by Boyd Purcell
Reviewed by Eileen Quinn Knight, Ph.D.
Spiritual Terrorism is about the impact of fear-based religion on people's lives who have been spiritually abused by a negative conception of God through eternal hell-fire preaching and teaching. The doctrine of eternal punishment in literal fire is at the heart of many forms of spiritual abuse and all forms of spiritual terrorism which is the most extreme form of spiritual abuse. This book effectively explains the symbolic use of fire in the Holy Bible and other Holy Books. The common misunderstanding of the metaphorical usage of fire is the primary cause of spiritual terrorism.
Dr. Purcell clarifies the confusion over the Christian doctrine of salvation by grace and judgment which is based on the deeds of life—good or bad. This allows readers to grasp the liberating truth that people are totally free to live their lives but are also totally accountable, at the end of life, for how they have lived their lives. God will ultimately teach universal empathy and bring about perfect justice for all without violating anyone's free will.
Spiritual abuse has the potential to affect all stages of life: in the womb, childhood, youth, young adults, older adults, end of life, and bereavement after the deaths of loved ones. Spiritual abuse may also affect all areas of life: marriage/divorce, emotional/mental/physical abuse, medical treatment or refusal of such treatment for self and children, and domestic and international terrorism.
All major world religions are addressed: Judeo/Christianity, Islam, and the Eastern Religions—Buddhism and Hinduism. Included as well are Native American Beliefs. There is a theme running through all major religions of God's unconditional love, amazing grace, infinite mercy, perfect justice, and a universal homecoming.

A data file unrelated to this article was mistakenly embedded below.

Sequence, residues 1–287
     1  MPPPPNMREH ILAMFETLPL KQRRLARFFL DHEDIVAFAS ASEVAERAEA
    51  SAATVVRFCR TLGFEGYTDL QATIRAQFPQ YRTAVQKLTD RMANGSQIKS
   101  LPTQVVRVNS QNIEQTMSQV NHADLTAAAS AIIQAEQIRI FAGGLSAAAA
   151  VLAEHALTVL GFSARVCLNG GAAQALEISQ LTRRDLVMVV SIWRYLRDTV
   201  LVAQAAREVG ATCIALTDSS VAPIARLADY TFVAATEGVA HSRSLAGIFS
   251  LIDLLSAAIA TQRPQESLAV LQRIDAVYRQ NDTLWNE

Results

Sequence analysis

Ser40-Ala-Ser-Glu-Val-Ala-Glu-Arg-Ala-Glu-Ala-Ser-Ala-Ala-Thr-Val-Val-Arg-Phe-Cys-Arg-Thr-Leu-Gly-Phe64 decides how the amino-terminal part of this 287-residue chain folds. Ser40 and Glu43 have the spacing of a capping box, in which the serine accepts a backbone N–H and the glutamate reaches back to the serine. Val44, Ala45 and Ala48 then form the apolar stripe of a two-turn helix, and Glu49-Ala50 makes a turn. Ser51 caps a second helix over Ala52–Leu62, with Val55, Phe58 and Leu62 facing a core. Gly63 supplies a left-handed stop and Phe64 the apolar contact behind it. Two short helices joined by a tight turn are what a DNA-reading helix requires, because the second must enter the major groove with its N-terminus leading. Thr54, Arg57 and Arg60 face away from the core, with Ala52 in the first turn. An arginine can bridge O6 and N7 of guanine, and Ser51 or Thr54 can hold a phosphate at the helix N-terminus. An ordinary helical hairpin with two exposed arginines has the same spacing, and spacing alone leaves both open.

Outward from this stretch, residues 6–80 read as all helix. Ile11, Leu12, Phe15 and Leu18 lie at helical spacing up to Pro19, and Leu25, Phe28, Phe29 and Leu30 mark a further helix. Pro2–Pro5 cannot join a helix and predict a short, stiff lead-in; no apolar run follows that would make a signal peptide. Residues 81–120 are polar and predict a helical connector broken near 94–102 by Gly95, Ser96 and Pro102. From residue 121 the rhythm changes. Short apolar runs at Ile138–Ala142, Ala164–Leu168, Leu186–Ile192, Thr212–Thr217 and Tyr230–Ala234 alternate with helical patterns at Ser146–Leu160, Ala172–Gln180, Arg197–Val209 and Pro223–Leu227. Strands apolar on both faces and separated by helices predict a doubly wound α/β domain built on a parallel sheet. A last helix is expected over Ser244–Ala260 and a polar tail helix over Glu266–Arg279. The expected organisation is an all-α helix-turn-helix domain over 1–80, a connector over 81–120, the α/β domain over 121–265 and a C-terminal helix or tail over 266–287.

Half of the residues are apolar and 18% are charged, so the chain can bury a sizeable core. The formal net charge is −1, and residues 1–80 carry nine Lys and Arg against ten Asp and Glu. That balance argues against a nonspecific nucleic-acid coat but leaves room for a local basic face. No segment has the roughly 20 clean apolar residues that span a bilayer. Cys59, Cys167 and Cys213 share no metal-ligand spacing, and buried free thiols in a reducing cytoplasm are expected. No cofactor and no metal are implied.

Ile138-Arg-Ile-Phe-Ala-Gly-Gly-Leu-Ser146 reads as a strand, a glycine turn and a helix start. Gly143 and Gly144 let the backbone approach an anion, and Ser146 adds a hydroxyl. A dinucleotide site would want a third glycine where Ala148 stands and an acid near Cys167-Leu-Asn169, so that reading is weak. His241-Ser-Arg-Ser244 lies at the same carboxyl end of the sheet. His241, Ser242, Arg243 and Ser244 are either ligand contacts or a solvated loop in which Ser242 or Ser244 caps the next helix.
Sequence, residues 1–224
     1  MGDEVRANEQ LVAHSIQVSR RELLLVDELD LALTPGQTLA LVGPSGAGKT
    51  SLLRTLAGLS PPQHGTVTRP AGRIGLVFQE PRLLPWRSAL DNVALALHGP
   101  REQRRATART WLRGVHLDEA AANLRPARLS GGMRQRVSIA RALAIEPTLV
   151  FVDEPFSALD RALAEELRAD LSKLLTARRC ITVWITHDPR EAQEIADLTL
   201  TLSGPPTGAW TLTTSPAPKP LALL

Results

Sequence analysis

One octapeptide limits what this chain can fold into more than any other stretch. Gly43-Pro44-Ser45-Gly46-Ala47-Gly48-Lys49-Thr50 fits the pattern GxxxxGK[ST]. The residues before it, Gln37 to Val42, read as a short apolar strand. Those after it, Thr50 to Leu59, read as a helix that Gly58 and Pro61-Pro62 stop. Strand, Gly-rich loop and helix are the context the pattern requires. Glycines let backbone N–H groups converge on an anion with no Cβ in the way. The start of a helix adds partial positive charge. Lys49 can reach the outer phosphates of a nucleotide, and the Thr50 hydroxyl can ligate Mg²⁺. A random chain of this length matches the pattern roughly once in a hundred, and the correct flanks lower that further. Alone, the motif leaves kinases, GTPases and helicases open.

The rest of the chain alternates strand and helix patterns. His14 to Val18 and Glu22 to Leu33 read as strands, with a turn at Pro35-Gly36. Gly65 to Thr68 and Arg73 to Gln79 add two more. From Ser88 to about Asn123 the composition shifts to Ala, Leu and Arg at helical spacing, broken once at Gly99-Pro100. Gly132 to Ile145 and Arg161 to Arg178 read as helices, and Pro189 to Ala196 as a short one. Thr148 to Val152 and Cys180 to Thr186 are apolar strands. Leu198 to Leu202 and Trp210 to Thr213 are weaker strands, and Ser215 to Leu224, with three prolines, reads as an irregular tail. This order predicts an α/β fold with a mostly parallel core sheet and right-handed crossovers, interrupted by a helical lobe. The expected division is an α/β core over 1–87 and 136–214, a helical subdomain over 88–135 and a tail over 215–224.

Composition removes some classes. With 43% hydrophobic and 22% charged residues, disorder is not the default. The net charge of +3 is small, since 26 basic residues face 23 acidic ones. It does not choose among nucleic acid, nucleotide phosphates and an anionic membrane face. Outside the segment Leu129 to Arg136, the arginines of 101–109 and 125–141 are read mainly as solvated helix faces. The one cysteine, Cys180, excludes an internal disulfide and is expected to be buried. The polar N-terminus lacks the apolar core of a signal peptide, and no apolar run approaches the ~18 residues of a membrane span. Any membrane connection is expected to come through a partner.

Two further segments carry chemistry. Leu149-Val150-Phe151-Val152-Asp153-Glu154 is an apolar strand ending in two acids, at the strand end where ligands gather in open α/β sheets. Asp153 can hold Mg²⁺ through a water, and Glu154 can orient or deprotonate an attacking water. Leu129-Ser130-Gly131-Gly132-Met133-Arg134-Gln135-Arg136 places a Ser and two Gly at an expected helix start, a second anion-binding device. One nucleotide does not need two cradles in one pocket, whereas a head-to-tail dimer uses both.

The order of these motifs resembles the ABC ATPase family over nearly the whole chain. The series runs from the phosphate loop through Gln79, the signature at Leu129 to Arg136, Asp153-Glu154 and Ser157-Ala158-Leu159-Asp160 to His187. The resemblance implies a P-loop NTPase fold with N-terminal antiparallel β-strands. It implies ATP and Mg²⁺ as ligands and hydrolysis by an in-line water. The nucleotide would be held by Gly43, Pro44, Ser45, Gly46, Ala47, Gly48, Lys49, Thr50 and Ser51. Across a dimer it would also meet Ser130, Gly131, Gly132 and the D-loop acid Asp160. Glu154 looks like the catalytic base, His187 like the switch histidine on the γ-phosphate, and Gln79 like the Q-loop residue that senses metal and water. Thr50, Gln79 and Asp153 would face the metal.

For 1500 years, this fearful God allegedly wreaked vengeance on cowering humans. But two millennia ago Jesus gave the world a new vision of God to replace the more primitive idea of vengeful monotheism. Unfortunately, Emperor Constantine and the Nicean Council kept this outmoded idea and used it to force nonbelievers to become members of the new nationally recognized Roman church. Purcell sees the Council's activities as "the single worst thing, from a spiritual perspective, which ever happened to the Christian Church." The church born of this 325 CE creed persecuted both the non-believer and the believer. They created what Boyd calls the "false doctrine of eternal punishment." In order to escape this psychological fear tactic used to control believers, Purcell urges us to change the predominant religious paradigm. He suggests "...we do not see things as they are--we see things as we are." So "...if we adore the God we know, we tend to become like the God we adore." If you are interested in a more accurate portrayal of the essence of the ministry of Yeshua/Jesus and a better understanding of his positive spirituality, you will want to read this book.